The suggestion is for the leader of the Pharisees to disavow the elite community of which he is a part, is the suggestion to throw away everything he and his family have acquired and built up for themselves – all their work, all their relationships, all their hopes for their children’s future.
But Jesus goes further.
Jesus says, instead of inviting those who can help you, invite the poor, the crippled, the lame and the blind…those who have nothing to give you.
Those who can’t being a bottle of wine, perhaps don’t have the ability to make stimulating conversation over your meal, who would perhaps be in need to your constant care and attention.
But Jesus goes still further.
Speaking to us today, the Lord gives us an opportunity to ask ourselves where we fit into the social scene….
Who do we want to sit down at our table?
Who do we want to invite to our parties?
Would we prefer to identify ourselves with the wealthy elite or with the outcast?
As a community, as families, and as individuals we feed the hungry, we collect school supplies for those children in our community who could use them, we gather books for children at VCU’s Children’ Hospital, work with veterans and refugees and more.
But are their ways in which God may be calling us to care even for others and to make a place for the poor and the outcast in our midst?
This is challenging, but as we witness a baptism today, we remember God loves us before we can do anything…
We don’t do good works to receive God’s kindness – that is just a gift. But as Luther reminds us, “We need to do good works because our neighbor needs them.”
The good news for the poor, for those who are humiliated, for the suffering is that you will be exalted…
This is the PROMISE from the One who, though he was in the form of God, did not regard equality with God as something to be exploited, but emptied himself, taking the form of a slave, and humbled himself, becoming obedient to the point of death – even death on a cross.
The Humble One who is now exalted at God’s right hand will exalt you who are bent low with life’s heavy burden.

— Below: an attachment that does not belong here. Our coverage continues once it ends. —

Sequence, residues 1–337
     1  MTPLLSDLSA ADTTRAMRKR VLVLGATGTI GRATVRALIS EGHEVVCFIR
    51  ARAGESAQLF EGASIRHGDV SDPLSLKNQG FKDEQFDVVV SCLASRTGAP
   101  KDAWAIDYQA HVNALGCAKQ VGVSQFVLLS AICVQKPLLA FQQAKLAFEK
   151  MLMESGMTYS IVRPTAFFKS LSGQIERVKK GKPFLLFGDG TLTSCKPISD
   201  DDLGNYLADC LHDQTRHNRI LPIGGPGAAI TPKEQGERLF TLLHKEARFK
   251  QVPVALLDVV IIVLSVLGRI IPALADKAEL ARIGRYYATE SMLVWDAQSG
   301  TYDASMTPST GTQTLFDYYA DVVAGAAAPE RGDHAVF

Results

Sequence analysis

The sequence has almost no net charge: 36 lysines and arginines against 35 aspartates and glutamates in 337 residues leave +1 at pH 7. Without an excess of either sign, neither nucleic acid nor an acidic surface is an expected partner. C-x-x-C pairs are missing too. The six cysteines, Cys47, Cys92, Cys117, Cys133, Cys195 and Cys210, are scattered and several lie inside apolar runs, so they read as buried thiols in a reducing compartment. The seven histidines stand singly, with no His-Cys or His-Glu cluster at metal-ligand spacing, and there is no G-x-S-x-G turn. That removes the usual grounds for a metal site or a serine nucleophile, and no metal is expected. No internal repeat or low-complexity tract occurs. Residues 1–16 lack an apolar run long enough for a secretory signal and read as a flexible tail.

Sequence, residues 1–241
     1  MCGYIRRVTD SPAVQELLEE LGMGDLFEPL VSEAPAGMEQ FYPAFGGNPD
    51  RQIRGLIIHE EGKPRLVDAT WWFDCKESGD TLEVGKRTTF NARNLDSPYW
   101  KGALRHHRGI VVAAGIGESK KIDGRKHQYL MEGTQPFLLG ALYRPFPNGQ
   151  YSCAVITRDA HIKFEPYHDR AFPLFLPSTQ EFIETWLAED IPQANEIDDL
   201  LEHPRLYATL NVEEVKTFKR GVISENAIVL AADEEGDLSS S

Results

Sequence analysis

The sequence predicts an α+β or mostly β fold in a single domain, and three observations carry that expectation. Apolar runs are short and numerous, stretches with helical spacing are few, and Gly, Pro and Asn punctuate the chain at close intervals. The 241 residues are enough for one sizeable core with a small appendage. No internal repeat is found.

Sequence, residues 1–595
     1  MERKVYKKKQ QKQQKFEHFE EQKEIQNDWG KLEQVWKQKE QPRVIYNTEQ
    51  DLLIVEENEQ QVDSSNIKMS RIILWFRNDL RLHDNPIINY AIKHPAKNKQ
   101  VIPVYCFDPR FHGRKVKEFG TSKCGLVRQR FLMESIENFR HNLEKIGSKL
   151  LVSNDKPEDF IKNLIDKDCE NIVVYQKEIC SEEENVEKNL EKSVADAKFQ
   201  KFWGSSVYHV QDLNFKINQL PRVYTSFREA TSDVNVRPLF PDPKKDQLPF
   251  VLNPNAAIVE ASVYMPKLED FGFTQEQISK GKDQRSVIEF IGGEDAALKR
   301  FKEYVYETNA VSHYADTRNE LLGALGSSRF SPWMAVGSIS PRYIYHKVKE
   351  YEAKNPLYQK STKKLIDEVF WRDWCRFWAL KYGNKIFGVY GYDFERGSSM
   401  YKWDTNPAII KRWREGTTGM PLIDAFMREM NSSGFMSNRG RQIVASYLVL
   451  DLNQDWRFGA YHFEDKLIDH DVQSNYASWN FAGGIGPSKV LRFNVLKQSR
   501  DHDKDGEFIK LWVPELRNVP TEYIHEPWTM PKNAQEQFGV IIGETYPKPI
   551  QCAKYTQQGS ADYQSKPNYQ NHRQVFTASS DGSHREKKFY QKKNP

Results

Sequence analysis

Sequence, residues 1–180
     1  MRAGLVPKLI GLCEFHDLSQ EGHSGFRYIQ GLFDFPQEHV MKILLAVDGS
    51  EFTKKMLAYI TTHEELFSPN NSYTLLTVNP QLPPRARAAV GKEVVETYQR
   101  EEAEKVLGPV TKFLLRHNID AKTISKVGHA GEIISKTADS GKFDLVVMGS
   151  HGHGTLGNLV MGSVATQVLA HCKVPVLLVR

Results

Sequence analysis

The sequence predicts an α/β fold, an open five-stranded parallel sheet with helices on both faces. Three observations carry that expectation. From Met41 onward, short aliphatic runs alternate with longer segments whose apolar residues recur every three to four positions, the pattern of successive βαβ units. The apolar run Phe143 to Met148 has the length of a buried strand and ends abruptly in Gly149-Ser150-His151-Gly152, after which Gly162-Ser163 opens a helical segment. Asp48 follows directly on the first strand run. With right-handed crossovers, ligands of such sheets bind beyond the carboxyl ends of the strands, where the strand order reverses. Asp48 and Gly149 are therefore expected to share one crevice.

You know, it may not even be surprising to us anymore that Jesus is first on the side of the poor.
What may still have the capacity to surprise us is that even after being accused by Pharisees of being, “a drunkard and a glutton and a friend of tax collectors and sinners,” that he is happy to eat at their table too.
And there is also good news for the wealthy elite: As you humble yourself and identify with the poor and outcast whom God loves so much, you will be blessed.
The very, very good news is that Jesus is happy to eat with anyone and everyone – both the poor and the rich, those who are well and those who are sick, those who are connected and those who are outcasts.
The good news is that TODAY we have been invited here to God’s banquet.
Brothers and sisters, as we stand before the Lord, the King of All Creation, Awesome in Majesty, we are the poor. We are the crippled. We are the lame. We are the blind. And graciously, generously, he invites us into his banquet.
Today we welcome you Jasper Phillip Martin, and we rejoice that God has set a seat for you at his table, as he claims you as his own forever.
Today Jesus invites you and all of us to his banquet, where he humbles the exalted and exalts the humble, where he invites us to watch closely, and see all of life is a gift.
So Jasper, welcome to the party. This is the party unlike any other party. This is the party where we learn about how to have a party.